October is a month that will always have a special significance to me. It’s Breast Cancer Awareness Month and everyone will be talking about it; cancer survivors will say thank you Jesus, families and friends of victims will say a prayer in memoriam, and the rest of the world will remain hopeful for a cure. All around the world it will be a sea of pink. Many will remember the infamous cancer and the fear that it evokes in the hearts and souls of women and men all over the world. This is the month that we most remember to offer support to families enduring this battle and organizations that are trying to find a cure for this awful disease. So we purchase items, support cancer groups, donate and attend fundraisers, give talks, walk for a day, run for miles … and yes, at the same time hoping and praying that we never have an encounter with this deadliest of foes.
Breast cancer is a sneaky, insidious devil. It hides wherever it can and when you least expect, it wreaks havoc on the life of the woman or man it has claimed as “its own”, their family and their friends. It can take over your life, ruling your health like a dictator. However, it is important to remember we have come far and today we know much more about this disease than ever before, making us better prepared to do battle. We know that our only recipe for a successful outcome is to prepare for combat – lace up your boxing gloves and fight with all you’ve got.
Unfortunately, many people don’t realize the presence of cancer and often such late diagnoses cause the kind of pain that lives for an eternity. Today we are more aware and educated: early detection, yearly mammograms and breast self exams are keys to winning this battle! We also know that some people manifest no physical signs—something I know all too well having lived a healthy lifestyle by eating well and exercising daily.
My cancer journey began on October 22nd, 2011, when I felt a lump during an official trip abroad. Upon my return home, October 28th, I went to the doctor, got a mammogram, and tissue was sent for biopsy. On November 3rd, I heard the devastating words: “you have cancer”. This disease has consumed my life for an entire year and for the next 5 years I’ll be on medications—for cancer and my heart complications. It has zapped me of my energy, my good health, and my time… but not my LIFE!
It may seem strange, but cancer has given me my greatest gift: it has reminded me of the fragility and brevity of life; that we all need to live everyday to its fullest. The thought that I was slowly dying—and yes we are all going to die one day, but just knowing that I was actually staring death in the face, makes me appreciate and enjoy every minute of every single day. This disease has taught me how to cope with fear; strengthened my faith in God; has emboldened my spirit and restored my faith in humanity. I now know that the only day that really matters is today! Yesterday is gone and tomorrow is but a dream … there is just today!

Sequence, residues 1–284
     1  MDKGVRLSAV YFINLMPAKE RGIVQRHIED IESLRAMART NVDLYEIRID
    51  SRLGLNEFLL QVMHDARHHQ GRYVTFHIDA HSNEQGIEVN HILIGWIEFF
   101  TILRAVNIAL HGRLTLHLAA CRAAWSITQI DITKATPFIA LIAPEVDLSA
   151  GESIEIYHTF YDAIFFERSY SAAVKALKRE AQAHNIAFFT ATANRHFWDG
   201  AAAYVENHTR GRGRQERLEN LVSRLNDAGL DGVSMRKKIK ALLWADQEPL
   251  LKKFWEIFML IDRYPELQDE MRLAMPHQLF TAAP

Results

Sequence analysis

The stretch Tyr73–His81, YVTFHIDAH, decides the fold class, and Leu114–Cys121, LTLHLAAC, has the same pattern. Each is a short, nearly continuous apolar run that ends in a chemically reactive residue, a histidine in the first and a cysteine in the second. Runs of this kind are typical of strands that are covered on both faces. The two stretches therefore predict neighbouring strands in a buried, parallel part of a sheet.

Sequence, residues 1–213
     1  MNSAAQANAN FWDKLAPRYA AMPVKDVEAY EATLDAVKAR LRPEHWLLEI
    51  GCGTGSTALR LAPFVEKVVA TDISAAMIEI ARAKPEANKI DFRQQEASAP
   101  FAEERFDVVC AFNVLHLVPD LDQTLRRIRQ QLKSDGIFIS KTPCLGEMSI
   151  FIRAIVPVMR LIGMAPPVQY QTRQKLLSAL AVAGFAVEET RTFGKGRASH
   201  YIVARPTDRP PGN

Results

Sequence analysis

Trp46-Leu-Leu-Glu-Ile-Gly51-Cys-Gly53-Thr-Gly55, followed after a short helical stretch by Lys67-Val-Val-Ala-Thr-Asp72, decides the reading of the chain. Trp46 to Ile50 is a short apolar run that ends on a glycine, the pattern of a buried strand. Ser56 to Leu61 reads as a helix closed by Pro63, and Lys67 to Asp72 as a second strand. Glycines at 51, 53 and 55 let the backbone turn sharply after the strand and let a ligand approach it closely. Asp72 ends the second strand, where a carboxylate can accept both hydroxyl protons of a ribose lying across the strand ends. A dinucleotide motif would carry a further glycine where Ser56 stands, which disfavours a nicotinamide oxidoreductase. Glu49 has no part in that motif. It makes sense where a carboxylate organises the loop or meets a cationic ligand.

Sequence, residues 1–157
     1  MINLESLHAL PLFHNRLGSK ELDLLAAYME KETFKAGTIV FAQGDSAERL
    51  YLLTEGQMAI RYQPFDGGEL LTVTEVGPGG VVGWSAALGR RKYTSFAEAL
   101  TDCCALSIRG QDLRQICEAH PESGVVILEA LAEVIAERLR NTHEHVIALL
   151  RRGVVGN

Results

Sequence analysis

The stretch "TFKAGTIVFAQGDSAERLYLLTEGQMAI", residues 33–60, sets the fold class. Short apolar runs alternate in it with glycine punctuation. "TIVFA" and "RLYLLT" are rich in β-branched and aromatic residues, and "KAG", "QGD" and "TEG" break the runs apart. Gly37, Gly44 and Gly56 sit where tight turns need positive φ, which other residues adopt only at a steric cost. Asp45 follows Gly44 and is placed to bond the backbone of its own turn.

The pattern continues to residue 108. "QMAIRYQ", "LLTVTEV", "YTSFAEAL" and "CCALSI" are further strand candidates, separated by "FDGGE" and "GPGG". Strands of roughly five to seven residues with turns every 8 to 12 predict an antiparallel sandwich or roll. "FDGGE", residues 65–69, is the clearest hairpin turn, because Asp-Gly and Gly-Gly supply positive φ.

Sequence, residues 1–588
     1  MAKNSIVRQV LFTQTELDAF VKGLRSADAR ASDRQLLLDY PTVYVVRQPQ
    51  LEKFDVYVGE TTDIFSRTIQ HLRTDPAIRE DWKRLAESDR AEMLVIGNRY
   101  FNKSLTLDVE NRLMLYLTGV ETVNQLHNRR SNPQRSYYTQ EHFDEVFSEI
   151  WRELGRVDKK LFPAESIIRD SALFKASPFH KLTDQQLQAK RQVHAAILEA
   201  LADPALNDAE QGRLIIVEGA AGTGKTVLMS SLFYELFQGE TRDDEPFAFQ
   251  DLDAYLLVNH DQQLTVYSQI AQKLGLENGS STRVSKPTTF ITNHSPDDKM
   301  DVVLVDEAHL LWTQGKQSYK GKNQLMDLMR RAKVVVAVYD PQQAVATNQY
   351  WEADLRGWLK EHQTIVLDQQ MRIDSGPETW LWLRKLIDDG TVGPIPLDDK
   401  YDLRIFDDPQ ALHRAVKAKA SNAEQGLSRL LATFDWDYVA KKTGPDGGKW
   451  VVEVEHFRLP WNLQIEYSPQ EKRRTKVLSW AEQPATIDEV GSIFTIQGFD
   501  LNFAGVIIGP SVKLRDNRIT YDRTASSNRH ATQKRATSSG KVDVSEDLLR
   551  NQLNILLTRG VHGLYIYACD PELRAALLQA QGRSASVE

Over the past year, people saw me bare my soul and lose my hair–those of us with my kind of hair go to the hairdresser at least once a week because we are obsessed with our hair and making it look good. It was not easy and as soon as mine started falling out, I went to my hairdresser and shaved it off. I wanted to lose it completely on MY terms! I was still in control and it was going to affect me the way I wanted it to. I must say I loved being bald. With my daughter’s thumbs up and Dean’s unending support, I never wore a wig. For once I felt free! It was wonderful and comforting to see how people reacted when my most true self was showing. The real me: open, honest and bare to the bones. I saw my soul during this journey …This dreadful disease taught me to love myself and its imperfections, to appreciate me—all of me—for me.
I also know that this is not my final chapter! I will keep on fighting until I have rid my body of cancer’s existence. This is not my final nemesis. Today, I think cancer knows exactly who it’s fighting … It knows I have faith, spirit, courage, hope, and that I fight with all I have. Cancer surely picked on the wrong one!
Kim Simplis Barrow
October 1st, 2012